#14: A full tank of juice: several press-fulls of juice, hours of work!

#14: A full tank of juice: several press-fulls of juice and hours of work!

#15: Preparing the yeast for inoculation of the juice.  The temperature of the juice and the yeast must be close enough to not shock the yeast.

#15: Preparing the yeast for inoculation of the juice. The temperature of the juice and the yeast must be close enough to not shock the yeast.

#16: 1:30 AM, the crush pad and equipment is clean, we took a sample of the juice to bring to the Lab for analysis, and Jason is inoculating the Sauvignon Blanc.

#16: (1:30 AM) The crush pad and equipment is clean, we took a sample of the juice to bring to the Lab for analysis, and Jason is inoculating the Sauvignon Blanc.

Posted in Viticulture and Enology, Wine making | Tagged , , | 3 Comments

And Plans are made to change

Walla Walla Pinot Gris grapes.

Walla Walla Pinot Gris grapes.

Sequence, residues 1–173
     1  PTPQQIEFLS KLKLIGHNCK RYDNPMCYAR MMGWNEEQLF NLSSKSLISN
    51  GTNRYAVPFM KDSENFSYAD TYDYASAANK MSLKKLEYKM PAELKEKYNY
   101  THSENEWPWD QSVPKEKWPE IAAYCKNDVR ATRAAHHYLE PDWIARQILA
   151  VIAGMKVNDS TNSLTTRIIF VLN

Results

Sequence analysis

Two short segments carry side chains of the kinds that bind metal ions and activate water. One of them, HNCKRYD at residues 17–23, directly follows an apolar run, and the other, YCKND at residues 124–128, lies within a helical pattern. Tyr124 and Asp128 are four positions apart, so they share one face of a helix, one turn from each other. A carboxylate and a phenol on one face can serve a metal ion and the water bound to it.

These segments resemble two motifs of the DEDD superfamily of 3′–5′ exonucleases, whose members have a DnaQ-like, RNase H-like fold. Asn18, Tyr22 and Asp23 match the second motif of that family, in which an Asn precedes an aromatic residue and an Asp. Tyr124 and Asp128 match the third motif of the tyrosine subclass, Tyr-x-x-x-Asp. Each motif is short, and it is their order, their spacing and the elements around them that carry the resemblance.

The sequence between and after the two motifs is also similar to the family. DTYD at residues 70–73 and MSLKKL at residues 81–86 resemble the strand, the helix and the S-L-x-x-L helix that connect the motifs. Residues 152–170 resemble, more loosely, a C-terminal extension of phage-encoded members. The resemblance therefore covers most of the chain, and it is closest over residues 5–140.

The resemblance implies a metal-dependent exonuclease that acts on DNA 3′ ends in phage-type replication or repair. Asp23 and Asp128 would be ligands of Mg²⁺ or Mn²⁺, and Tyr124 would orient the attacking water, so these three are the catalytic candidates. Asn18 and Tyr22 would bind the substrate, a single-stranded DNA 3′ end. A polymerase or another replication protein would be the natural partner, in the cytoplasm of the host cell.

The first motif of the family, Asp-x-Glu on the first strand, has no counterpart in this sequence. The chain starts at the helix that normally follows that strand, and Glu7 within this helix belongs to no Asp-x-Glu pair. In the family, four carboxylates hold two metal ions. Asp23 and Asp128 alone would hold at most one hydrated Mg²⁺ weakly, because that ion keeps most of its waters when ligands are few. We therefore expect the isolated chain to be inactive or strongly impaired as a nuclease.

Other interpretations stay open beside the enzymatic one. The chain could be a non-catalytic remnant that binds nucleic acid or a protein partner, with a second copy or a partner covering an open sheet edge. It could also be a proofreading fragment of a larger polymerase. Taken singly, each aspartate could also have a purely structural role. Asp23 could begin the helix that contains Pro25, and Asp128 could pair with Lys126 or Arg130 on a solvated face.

Walla Walla Dolchetto grapes.

Walla Walla Dolchetto grapes.

I would think everyone has heard “Life is what happens while we are busy making plans” by now; that is how Crush 2014 is starting for us.  Friday morning the flatbed truck that was scheduled back in January, repeating the order from the previous year, was interpreted as a box truck by the rental company!  I took my midterm, blithely unaware of this hiccup, and discovered my afternoon wasn’t going to be booked after all.  It frustrated me to know the Sauvignon Blanc grapes were hanging, ready and ripe for us to begin crush as we had planned.  Texting my husband with requests for him to see if his employer had a truck or trailer we could borrow, texting the wine maker, Jason, with my different ideas and questions probably didn’t make either one of them happy with me as both were busy.  Thankfully, Jason was able to redeem the afternoon – we took samples from the local vineyards!